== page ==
black or grey suit and a pale blue shirt. Necktie optional; trousers, a
What you need to watch out for, though, is
patterns and stripes. Studio and outdoor broadcast cameras, even in this ultra-HD era, struggle
to pick up stripes, patterns or intricate details. The camera tries to
compensate by making the whole area look bright pink. Never a good look—and
one that is sure to bring ridicule and possibly get the head of the PR team
Similarly, when you are choosing where to host your proactive TV interview,
check the backdrop of the shot to make sure that won't come back to haunt
you. Tony Blair got caught out by this when he made a speech in a church
and a stained-glass window behind him made him appear with a kind of halo.
That image was used a lot afterwards to mock him.
Also, if you are working for a FTSE company and you have a new building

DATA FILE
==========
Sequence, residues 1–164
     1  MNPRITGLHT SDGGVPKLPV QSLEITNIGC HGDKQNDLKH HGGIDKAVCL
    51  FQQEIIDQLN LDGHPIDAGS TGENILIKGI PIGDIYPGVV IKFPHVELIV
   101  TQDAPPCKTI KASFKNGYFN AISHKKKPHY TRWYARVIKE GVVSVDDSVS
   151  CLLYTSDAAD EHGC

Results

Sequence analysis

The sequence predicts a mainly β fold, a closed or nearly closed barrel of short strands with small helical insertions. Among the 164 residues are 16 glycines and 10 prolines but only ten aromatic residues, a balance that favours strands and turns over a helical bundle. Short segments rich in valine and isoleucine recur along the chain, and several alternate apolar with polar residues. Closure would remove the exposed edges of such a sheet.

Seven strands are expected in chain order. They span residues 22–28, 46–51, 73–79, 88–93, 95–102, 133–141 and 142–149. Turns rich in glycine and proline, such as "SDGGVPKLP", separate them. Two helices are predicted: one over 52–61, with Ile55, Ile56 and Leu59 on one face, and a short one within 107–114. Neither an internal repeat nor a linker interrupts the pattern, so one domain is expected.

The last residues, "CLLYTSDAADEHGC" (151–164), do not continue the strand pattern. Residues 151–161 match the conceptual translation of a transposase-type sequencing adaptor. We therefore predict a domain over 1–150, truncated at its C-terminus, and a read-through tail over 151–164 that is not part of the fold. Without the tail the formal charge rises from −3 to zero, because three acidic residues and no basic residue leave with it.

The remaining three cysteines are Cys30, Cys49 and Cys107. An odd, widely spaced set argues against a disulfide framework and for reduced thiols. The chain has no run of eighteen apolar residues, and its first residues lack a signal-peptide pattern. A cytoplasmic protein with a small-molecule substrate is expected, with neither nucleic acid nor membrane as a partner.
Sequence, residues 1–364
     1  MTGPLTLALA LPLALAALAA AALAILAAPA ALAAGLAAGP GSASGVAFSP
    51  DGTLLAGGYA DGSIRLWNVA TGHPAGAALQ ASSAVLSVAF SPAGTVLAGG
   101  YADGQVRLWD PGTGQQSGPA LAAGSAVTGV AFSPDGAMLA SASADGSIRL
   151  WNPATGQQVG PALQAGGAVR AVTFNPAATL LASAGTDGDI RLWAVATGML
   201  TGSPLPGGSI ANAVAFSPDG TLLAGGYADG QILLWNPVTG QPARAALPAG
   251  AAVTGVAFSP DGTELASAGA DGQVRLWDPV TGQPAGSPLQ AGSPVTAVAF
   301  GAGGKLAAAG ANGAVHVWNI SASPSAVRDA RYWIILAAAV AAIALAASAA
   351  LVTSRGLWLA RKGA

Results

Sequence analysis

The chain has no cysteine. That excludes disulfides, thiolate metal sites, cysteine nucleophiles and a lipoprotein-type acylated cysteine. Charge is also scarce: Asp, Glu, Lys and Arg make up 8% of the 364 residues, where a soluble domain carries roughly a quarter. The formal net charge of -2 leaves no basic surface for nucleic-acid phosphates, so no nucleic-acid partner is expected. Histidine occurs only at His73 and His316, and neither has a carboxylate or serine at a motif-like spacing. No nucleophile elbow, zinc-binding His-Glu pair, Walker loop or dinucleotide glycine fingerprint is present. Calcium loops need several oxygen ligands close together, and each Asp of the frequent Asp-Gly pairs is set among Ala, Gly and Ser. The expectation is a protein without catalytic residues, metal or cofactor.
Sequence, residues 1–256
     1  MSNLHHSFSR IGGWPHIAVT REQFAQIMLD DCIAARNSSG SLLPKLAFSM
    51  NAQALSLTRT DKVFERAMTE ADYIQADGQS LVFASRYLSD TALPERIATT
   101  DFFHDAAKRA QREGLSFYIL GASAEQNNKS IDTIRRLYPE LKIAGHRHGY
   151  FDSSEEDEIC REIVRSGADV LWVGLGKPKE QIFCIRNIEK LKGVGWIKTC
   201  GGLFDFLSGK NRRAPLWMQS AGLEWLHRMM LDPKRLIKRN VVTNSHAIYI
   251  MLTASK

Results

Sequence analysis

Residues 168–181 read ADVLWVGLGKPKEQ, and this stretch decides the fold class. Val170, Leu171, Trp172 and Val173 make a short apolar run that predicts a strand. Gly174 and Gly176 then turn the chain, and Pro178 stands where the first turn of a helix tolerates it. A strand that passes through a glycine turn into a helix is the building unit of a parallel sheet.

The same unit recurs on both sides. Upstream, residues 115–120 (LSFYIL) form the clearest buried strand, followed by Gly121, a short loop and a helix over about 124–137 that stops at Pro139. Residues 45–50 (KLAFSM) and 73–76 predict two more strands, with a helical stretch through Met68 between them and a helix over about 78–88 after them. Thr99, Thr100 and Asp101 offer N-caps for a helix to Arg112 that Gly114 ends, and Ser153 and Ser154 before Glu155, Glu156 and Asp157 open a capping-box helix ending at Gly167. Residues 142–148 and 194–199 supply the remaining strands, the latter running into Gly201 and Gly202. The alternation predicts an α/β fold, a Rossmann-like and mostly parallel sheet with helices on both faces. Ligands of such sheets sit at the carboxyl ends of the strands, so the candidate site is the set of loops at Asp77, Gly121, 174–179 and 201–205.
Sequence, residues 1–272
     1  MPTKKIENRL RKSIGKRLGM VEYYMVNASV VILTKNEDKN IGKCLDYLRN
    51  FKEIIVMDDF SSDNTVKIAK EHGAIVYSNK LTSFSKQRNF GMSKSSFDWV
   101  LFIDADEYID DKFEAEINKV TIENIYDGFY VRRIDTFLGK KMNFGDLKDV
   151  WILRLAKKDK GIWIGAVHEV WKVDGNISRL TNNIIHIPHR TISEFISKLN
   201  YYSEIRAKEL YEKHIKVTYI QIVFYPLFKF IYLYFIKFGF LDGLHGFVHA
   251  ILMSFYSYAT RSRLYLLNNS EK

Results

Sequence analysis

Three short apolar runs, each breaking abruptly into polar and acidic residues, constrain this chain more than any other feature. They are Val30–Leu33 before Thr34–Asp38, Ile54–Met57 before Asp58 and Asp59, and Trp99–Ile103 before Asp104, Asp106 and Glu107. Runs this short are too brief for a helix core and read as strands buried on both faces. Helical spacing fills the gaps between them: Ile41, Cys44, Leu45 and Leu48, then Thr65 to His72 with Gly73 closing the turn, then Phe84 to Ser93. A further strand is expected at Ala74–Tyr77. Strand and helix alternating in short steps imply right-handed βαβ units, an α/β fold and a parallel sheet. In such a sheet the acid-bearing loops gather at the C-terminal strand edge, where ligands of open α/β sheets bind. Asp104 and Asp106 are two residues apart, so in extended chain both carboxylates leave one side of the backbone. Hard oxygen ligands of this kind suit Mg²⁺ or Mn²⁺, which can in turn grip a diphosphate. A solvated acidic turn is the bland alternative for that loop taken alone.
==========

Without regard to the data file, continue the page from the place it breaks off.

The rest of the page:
announcement, don't put your CEO or director in a hard hat (unless the
Heath and Safety
brigade make you). These hardhat pics will come back and bite you should
your organization experience trouble later down the line. The pics will be
accompanied by "Chief puts on the hard hat for tough times ahead"
6. Umm's and err's
Make sure that you and the people you train don't do this.
out of them!
7. Make yourself memorable with ace soundbites
The goal of every TV interview is to be remembered—ideally for good
reasons. The trick to this is coming out with ace soundbites. These can
then be used in the "teaser" clips by the news media when promoting the
upcoming bulletin. Here is a cracking example that I used during a national
radio interview when I worked in financial services (modest
I was asked if there really was a chance that a recession would affect
house prices. I replied with, "There is a greater chance that the Loch Ness
monster would swim up the Thames than there is of a fall in house prices."
The clip was used in all the teasers and I felt very happy. Sadly, the next